‘Herein lie the Clow Cards. If their seal is broken, disaster will befall.’
One day, Sakura Kinomoto, a cheerful fourth-grader (ten years old) who loves to roller-skate to school, discovers a mysterious old book in her archaeologist father’s library. Opening the book releases magical spirits and the guardian beast on the cover: Kero – or Cerberus – a winged lion who (in chibi form). But now that the Clow Cards – created by Clow Reed, a powerful sorcerer – have been set free, she’ll have to become a Cardcaptor and capture them all or the spirits of the cards will wreak havoc on her home town. And so a magical girl is born…
We meet Sakura’s BFF Tomoya (who insists on recording all Sakura’s exploits on video and soon begins to create special outfits for her to wear on camera), Toya, Sakura’s annoying (in her eyes) big brother who is seven years her senior, and gentle-natured Yuki, his best friend, whom Sakura has a crush on. However we only get a tantalising glimpse of the person who is going to become very important in her life – and her rival in capturing the Clow Cards – on the last page of this volume.
Cardcaptor Sakura was one of the first magical girl series to make an impression in the West (albeit, for many of us, in a horribly mangled US version of the TV anime). So it’s good to find this well-loved series being kept in print with a glossy new collector’s edition – although you’ll need deep pockets to collect this version if it’s going to run to twelve volumes.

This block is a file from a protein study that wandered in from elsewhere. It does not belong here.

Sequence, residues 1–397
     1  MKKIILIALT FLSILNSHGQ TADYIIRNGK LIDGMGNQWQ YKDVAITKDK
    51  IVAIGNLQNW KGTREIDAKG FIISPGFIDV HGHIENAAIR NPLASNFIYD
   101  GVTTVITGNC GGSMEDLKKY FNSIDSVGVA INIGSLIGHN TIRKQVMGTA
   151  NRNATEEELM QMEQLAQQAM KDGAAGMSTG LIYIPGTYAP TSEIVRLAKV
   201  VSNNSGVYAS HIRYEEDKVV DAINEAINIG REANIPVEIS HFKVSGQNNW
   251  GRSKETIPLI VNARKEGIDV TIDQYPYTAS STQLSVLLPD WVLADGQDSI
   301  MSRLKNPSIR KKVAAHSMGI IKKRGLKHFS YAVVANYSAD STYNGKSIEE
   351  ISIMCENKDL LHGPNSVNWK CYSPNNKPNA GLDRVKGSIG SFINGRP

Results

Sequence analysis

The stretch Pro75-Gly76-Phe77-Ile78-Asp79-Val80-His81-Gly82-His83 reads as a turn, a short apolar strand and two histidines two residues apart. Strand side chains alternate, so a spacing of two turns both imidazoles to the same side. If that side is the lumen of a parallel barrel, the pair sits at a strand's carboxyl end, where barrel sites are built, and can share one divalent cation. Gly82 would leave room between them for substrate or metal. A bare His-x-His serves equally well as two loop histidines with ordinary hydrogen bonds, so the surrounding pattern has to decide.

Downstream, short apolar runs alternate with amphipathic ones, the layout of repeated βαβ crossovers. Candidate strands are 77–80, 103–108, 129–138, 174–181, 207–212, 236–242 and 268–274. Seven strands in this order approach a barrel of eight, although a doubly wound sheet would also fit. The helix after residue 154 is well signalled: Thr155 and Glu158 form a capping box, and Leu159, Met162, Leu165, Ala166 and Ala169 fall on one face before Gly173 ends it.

The freshness and verve of this enchanting series leap from the page – and even if the technology is dated, the charm of the characters has not faded with the passage of time and the story unfolds in a way guaranteed to make readers keep turning the pages. This is CLAMP at their best, before they moved the characters into a bewildering succession of parallel worlds in Tsubasa Reservoir Chronicle.
First published in 1996, the twelve volumes were brought out in English by TokyoPop in the early noughties – and then in a special omnibus edition by Dark Horse (reviewed by Darkstorm for Anime UK News in 2011). Now Kodansha (the original Japanese publisher) is issuing these collector’s editions, as well as the ongoing new Cardcaptor Sakura series Clear Card. They seem (from my detective work) to be the Nakayoshi 60th Anniversary edition, in which the original twelve volumes have been reorganized into nine with new cover art by the four mangaka. (Nakayoshi is the Kodansha magazine in which the series first appeared.)
This handsome gold-embossed hardback collector’s edition from Kodansha is the latest version of the beloved magic girl series by CLAMP. But retailing at $29.99 per volume, how essential is it for collectors? Disappointments first: the only colour page, lovely as it is, is the same as the cover image – and I’d hoped for many more as well as extras (there are, to be fair, two pages of Translation Notes). A collectible card is included as well, but not a Clow Card; some sources suggest that it’s a part of a picture that when matched to the other collectible cards will, apparently, make a whole ‘new’ image – other sources that these are replicas of the phone cards issued at the time.
On the plus side, the extra-large format means the wonderful art by CLAMP can be appreciated and studied in detail and the high quality glossy white paper shows the panels off to their best advantage.
It isn’t entirely clear to what extent this translation has been altered for the new edition (without attempting a word-for-word comparison). Anita Sengupta was the translator for the original Tokyopop edition and she is credited here alongside Mika Onishi with Karen McGillicuddy named for ‘Additional Translation’.
In spite of these reservations, this handsome edition would make a splendid special gift for a fan – or a new reader to the series.